From an Artists Workshop Retreat to a Sustainable Tourism Eco-Hotel
After two years of planning, in 2005 San Francisco art dealer and gallery owner Carlos Rojas, and Randy Langendorfer, marketing executive and then owner of a boutique contracting business specializing in restoration and renovation of vintage homes in San Francisco and Los Angeles, sold their businesses and all their possessions in the US to move to Costa Rica. The plan was to invite artists to Monte Azul, a 100 acre property near Chirripó National Park and along the banks of the Chirripó Pacifico River, to produce work that would be sold on site and at their gallery space in the Gramercy Park neighborhood of Manhattan.
In the meantime they also developed the Monte Azul Boutique Hotel and Mountain Resort, along with an airy studio and gallery, outdoor restaurant and about 4 kilometers of hiking trails.
“I guess after realizing in our planning stages that a strictly art based studio program left some of our financial needs wanting,” laughed Carlos, “we decided to build four casitas next to the Chirripó River running through our property, as well a restaurant and lounge area. We decided then to plunge into our equal love of organic farming and gardening, chancing that equally minded souls would gravitate to this remote, mountain paradise hotel.” The immediate success of the art business in Costa Rica also resulted in the closure of the MACA gallery in New York, after the two decided to focus their complete attention on Monte Azul.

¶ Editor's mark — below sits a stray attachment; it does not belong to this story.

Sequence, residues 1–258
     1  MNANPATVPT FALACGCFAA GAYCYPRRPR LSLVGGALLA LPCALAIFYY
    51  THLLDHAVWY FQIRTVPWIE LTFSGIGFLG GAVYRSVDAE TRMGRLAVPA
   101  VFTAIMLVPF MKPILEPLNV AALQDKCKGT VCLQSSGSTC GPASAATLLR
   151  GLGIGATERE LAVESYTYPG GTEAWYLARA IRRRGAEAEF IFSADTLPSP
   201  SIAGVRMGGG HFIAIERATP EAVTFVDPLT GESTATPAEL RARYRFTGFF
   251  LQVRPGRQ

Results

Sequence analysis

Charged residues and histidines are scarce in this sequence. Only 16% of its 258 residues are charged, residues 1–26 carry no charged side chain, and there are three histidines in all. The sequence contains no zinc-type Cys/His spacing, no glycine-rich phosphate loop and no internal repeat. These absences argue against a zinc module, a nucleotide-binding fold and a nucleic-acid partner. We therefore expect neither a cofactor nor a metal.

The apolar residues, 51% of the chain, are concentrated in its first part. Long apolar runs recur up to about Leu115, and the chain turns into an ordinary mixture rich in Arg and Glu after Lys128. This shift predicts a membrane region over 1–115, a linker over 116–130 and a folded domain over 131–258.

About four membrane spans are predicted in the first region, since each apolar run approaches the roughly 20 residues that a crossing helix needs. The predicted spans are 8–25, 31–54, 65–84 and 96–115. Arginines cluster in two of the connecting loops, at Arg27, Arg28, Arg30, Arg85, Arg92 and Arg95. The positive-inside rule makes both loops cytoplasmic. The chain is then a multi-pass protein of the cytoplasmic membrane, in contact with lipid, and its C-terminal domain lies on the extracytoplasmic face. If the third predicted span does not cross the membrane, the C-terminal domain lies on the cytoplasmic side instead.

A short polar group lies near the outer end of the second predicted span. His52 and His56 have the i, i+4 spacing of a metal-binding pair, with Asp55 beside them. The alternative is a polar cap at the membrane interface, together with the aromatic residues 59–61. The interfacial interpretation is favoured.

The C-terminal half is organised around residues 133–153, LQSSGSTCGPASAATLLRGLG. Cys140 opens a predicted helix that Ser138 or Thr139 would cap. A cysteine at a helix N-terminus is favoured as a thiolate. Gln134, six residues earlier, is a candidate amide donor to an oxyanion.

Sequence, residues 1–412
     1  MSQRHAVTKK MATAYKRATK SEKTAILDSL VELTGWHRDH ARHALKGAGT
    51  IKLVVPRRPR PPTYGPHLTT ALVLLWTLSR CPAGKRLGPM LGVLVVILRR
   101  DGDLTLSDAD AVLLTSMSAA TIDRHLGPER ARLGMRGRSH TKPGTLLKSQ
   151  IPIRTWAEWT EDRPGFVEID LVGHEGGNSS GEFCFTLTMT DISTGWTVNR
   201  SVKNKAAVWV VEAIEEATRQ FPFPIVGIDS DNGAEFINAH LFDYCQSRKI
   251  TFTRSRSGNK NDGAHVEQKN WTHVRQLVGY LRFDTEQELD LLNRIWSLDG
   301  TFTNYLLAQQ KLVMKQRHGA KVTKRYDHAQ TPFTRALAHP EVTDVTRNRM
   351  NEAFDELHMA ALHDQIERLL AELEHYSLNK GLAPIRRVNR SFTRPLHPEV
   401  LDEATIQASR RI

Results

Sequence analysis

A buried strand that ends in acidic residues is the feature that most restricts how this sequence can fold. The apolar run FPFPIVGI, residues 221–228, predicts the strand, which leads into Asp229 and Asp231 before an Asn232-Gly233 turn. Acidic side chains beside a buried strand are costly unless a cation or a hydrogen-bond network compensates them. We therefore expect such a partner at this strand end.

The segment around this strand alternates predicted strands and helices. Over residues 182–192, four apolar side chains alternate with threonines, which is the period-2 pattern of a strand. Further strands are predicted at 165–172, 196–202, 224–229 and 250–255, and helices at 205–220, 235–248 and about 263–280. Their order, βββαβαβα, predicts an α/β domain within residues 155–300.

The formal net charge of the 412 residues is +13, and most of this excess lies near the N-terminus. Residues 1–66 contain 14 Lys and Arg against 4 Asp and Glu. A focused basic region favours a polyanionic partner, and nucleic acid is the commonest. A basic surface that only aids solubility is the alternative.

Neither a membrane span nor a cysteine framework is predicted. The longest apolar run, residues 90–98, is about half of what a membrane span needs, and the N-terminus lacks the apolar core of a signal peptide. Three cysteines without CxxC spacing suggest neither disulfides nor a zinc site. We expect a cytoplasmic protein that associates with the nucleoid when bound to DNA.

The result of that ambitious, but risky, decision soon resulted in accolades from such varied sources as “Su Casa” magazine acclaiming the architecture and ambience, to reviews by Conde Nast Traveller, Food and Wine, and Mother Nature Network. With a recent rating by TripAdvisor of #7 in all of Central America for Bed and Breakfast Inns, and probably the only hotel in Costa Rica with a 100% perfect excellent rating on that website, Carlos and Randy’s dream of excellence in art, accommodations and sustainable tourism has certainly been achieved and recognized.
Monte Azul is not your typical resort / hotel that one would think of when visiting Costa Rica. With only four riverside casitas, this places it in the category of a boutique hotel, and one should not come here if he or she is looking for discos, nearby nightlife or city interests. There are none! But, for the eco-vacation traveler, birder or honeymoon couple looking for quiet solitude without skimping on comfort and service, all within a 100 acre protected private rainforest reserve, then this will be more than they had expected.
From the personal attention and greeting upon arrival by the bi-lingual staff, to the welcoming homemade goat cheese and homemade crackers with a glass of wine, guests immediately feel attended to and pampered at the Monte Azul Mountain Resort. The entire resort walls, including the casitas, are replete with art work from several of the most acclaimed artists in Costa Rica, as well as some of those just emerging on the scene. “Half our income is from the sale of art at Monte Azul,” states Carlos. “In addition, we also participate in sponsoring exhibits at the Children’s Museum in San Jose to promote and support the local artists.”